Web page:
They did quite job in the parlor with comfortable stuffed furniture, grandfather’s clock in the corner, radio, two loudspeakers and a phonograph. Someone locked the antique clock so they did not hear its tick, but there were three other elocks, comfortably large in size. One was a bronze affair which hung in a closet, a mahogany mantel clock and an old-fashioned kitchen or store wall type.

The house was wired for electricity and to give the right effect there were several styles of electric lamps.

Silver and linen was contributed by Mrs Benjamin Aronson of Sharon, who identified it as well as other articles today. Samuel Pearlman of Beach st, Sharon, unwittingly supplied the brass fireplace set returned today, as well as other articles. Charles Leonard of Westwood is another who will find in the loot articles taken from his home two weeks ago.

Somewhere the lads collected boxes of tools, electrical equipment, a gasoline torch, nails, paint and hardware of various kinds. According to the authorities, they were painting the white inside trim of the “club” and had polish to keep the furniture looking well.

There were some cans of rust remover and judging by the water-covered cellar floor they would have soon needed it.

Probably acquired for the purpose of keeping the club records up to date was a typewriter, cover and all, but it did not bear evidence of having had any recent use. That with a sectional bookcase filled with late fiction and two California pennants, one of University of California, helped to give the “den” a homey appearance.

Trout streams in the vicinity apparently were going to be raided, for there was considerable fishing gear

For some time Chief Dean had noticed a speedy roadster in town occasionally and had learned that the roadster was seen to drive to a small farm on the old post road owned by Samuel Kovich. Today the chief learned the house had been rented from Kovich by the Knighthawks for $25 a month. On Palm Sunday Chief Dean went to the house, but was refused admittance.

Chief Dean had no knowledge of a break in the Barton home, but he did receive information a few days ago from Chief John B. Kennedy of Sharon that the Aronson home had been robbed. Chief Kennedy sent along a list of articles stolen, among them the man-sized beer stein. Chief Dean went to the farm yesterday and found it unoccupied. Peering through a window he saw what he believed to be the Sharon stein.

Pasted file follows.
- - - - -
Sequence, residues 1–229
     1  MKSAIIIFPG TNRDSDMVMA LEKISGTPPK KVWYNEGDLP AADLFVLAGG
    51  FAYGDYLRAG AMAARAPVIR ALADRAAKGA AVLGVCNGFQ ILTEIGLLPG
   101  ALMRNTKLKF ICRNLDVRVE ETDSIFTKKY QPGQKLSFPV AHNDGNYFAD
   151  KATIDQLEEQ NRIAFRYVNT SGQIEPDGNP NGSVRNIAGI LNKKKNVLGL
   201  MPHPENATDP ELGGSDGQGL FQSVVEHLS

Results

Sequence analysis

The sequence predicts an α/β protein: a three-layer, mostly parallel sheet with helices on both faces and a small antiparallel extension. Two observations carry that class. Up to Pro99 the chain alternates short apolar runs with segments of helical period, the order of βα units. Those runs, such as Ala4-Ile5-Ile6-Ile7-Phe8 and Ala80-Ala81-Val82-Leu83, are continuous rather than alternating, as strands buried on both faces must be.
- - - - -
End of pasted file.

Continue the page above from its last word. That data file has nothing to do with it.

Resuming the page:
The stein led to further investigation and, entering the house, he found among other things the electric radio. Taking the numbers of the set, he was able to trace it and to his amazement learned it was the property of Rev William E. Barton, and then learned for the first time that the Barton home, which was closed, had been robbed.

Late last night he communicated with State Detective Michael F. Fleming, in charge of investigation work for Dist Atty Winfield Wllbar In Norfolk County.

Find Notebooks

Mr. Fleming reached here about midnight and a short search unearthed the note book containing the name of the club and its officers.

There was a second notebook of the same kind, on which was carefully written in Ink, “Personal book of Art L. Meyer, 106 Chapel st, Norwood, Mass,” and the latest telephone number.

Chief Kennedy of Sharon was notified to come and look things over and he quickly Identified from description, property of Benjamin Aronson and Samuel Pearlman of Beach st, Sharon. The chief was accompanied by patrolman Ernest Lenhart of Sharon.

Fleming, Dean, Kennedy and Lenhart drove to the Norwood Police Headquarters, where Chief William Sullivan awaited them. Chief Sullivan called in patrolmen John Lee, Henry Breen and Charles Donnell and the entire party visited the home of Meyer and Hartnett and then went to the homes of Mahoney and Eppich.

The lads arrested, with one exception, have no police record. One lad, while a student, made the mistake when cutting a page from an encyclopedia, of picking one that was out of print and very valuable. Replacement costing about $100 brought about a satisfactory settlement with the court at Dedham.

Assuming that the boys are truthful In that they sold nothing they stole; paid rent for the house, and borrowed a Norwood truck to carry the loot, students of crime are afforded an Interesting condition to explain—and not a single liquor bottle in the place.

19 Apr 1929, Fri The Boston Globe